When you look at the world’s healthiest nations, the list is dominated by developed countries such as Singapore, Luxembourg, Sweden, and Norway. They are among the healthiest, but not entirely because they always eat healthy food. It’s primarily because they have access to the best healthcare facilities, sanitation, and awareness. Here we take a look at the top 10 countries with healthiest diets in the world. Surprisingly, none of them are wealthy.
Apparently, poor countries have healthier diets
Emerging countries such as Chad, Congo, and Nigeria don’t have the resources to build an excellent healthcare system. Their governments don’t spend much on healthcare. Their lack of resources also means that their citizens can’t afford to spend money on junk, unhealthy, and packaged foods. They rely on natural, unprocessed food items such as fresh fruits and vegetables, nuts, meat, and wholegrain cereals. It’s what’s readily available and what they can afford.
In developed nations such as the United States, Canada, Australia, and Western Europe, the consumption of healthy foods has increased over the last couple of decades. But the worrying part is that the consumption of unhealthy foods such as sweetened beverages, processed, and packaged items has also shot up. The health-conscious people in wealthy nations are trying to eat right, but a large population is still living on junk.
Award-winning food writer Bee Wilson in her book The Way We Eat Now lists the top 10 countries with healthiest diets. Only two of them have per-capita GDP (in terms of PPP) of above $10,000. These are the ten countries with healthiest diets out of 197 nations and dependencies, according to Wilson:
- Sierra Leone
- French Guiana
Chad, which has the world’s healthiest diets, has per-capita GDP of just $2,415, according to Bloomberg. Tunisia and French Guiana are the only two nations in the list with per-capita GDP of above $10,000. It’s $12,372 for Tunisia and $18,300 for French Guiana. The country with the lowest GDP in the above list is Sierra Leone at $1,620 per-capita.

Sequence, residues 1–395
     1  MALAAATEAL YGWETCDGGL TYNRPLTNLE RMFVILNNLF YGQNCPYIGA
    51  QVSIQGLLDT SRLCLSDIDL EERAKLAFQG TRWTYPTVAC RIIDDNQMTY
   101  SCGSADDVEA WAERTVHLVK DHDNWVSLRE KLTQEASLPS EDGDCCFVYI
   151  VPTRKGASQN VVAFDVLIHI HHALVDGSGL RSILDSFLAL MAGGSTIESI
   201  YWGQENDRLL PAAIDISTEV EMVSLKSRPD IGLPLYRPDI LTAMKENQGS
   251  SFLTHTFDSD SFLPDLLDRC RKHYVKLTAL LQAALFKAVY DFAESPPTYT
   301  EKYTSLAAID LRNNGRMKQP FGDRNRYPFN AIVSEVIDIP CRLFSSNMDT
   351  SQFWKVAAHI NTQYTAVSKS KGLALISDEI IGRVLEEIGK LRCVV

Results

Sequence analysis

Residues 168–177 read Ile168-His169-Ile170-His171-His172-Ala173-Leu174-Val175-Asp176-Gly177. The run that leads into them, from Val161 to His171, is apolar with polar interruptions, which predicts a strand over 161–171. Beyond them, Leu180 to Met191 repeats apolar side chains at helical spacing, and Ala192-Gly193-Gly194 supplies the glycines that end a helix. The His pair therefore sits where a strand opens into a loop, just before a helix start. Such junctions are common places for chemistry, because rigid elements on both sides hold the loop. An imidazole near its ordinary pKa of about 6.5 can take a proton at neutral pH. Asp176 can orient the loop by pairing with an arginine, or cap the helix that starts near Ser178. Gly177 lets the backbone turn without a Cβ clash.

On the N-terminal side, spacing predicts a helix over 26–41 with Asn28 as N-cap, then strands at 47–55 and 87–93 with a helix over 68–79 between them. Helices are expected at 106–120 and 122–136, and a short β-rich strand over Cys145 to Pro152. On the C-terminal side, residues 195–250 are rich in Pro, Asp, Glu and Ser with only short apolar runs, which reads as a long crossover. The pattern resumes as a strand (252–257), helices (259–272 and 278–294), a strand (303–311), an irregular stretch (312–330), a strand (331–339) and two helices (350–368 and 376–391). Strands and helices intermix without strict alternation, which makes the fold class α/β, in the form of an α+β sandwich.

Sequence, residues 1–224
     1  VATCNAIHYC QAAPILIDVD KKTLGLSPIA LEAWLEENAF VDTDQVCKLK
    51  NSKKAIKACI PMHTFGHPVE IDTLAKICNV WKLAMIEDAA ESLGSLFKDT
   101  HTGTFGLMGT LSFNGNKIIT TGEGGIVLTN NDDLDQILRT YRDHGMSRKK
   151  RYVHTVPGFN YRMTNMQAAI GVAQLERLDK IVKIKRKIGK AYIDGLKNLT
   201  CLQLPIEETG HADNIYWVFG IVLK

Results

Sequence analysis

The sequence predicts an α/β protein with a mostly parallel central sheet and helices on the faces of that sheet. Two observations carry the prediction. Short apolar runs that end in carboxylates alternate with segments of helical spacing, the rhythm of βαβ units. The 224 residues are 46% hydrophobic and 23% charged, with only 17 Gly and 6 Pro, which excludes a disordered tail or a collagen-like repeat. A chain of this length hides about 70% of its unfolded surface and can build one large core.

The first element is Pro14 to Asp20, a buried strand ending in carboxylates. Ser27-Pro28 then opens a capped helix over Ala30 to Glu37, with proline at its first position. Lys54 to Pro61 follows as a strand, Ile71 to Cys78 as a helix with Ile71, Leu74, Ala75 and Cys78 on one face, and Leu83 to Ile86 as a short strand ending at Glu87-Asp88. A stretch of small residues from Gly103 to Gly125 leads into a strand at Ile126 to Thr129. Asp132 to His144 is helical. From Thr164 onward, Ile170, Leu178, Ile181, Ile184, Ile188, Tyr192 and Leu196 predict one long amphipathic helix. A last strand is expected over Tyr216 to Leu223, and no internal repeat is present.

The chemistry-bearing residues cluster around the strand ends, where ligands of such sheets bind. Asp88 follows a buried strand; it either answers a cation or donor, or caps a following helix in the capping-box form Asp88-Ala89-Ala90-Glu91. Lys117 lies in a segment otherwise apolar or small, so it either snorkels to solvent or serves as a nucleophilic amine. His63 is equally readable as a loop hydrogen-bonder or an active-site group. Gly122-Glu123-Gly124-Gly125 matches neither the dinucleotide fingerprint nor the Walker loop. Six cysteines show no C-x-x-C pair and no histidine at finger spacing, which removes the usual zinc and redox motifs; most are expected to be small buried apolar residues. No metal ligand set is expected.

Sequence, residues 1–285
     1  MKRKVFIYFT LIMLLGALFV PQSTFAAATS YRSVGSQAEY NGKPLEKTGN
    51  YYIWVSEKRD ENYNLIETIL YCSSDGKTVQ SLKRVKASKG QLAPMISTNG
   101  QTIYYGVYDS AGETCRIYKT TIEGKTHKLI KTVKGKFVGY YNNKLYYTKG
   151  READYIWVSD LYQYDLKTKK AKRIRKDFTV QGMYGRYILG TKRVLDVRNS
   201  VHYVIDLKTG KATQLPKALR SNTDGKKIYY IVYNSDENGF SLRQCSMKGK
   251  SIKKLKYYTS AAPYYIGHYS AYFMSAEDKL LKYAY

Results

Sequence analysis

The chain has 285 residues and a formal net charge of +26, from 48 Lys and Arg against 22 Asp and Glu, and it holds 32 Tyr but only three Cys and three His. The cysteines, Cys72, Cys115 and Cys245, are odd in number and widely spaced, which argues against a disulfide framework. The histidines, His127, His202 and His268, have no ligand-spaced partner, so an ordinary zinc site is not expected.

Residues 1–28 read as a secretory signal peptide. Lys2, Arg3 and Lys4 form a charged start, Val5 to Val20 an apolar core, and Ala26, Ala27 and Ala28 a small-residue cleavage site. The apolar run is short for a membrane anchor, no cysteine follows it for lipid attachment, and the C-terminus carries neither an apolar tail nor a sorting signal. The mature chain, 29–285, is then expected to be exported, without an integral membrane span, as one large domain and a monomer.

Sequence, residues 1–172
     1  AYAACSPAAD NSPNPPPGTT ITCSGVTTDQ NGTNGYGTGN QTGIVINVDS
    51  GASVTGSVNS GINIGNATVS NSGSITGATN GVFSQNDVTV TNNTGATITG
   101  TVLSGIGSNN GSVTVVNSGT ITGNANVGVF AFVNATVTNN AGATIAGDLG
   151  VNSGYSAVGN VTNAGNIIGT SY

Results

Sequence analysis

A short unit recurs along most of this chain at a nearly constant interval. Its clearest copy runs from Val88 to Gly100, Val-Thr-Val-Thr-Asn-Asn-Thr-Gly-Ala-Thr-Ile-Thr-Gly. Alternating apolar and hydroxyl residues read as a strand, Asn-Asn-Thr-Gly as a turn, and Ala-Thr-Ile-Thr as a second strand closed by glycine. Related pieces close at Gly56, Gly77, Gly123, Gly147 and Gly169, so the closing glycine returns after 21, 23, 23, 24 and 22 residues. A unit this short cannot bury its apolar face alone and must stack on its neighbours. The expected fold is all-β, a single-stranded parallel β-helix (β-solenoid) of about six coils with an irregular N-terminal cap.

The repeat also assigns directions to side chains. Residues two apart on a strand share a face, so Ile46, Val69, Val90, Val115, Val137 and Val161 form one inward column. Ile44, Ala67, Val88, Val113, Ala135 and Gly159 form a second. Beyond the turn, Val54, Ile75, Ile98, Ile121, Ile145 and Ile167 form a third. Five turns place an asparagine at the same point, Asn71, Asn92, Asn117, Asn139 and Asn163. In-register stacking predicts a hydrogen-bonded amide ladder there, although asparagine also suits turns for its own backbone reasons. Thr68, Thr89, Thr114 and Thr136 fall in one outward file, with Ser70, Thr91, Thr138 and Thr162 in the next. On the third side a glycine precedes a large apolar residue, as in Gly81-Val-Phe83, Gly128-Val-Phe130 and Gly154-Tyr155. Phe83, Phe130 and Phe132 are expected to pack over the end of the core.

Obesity and malnutrition
According to Wilson, the higher income in developed countries leads people to consume more calories but less nutrition, thanks to processed and packaged foods. Only a small number of people eat healthy food, most likely because they can hire someone to prepare it for them.
There is an urgent need to improve diet quality in developed countries. Of course, people in poor nations also need nutritious food, but what they also need as much is better healthcare facilities and improved sanitation. In rich countries, obesity and obesity-related health issues have become a far bigger problem than undernutrition.
An estimated 3.4 million people die of obesity every year. It increases the risk of certain types of cancer, diabetes, heart diseases, and reduces lifespan. As per the Institute of Health Metrics and Evaluation, 12% of the world’s adults and 5% children are obese.
According to OECD, the US is the most obese country on the planet with 38.2% of its population being obese. It is followed by Mexico at 32.4%. About 78 million adults and 13 million children in the US have a BMI above 30. The Center for Disease Control and Prevention (CDC) estimates that the average American adult today is 26 pounds heavier than in the 1950s, thanks to processed and packaged foods.
While many underdeveloped nations live on some of the healthiest diets, many others suffer from obesity due to lack of nutritious food for citizens, which forces them to live on an unhealthy diet. Malnutrition and obesity both are global health crises. Governments should take policy actions to ensure that people are getting optimal diets.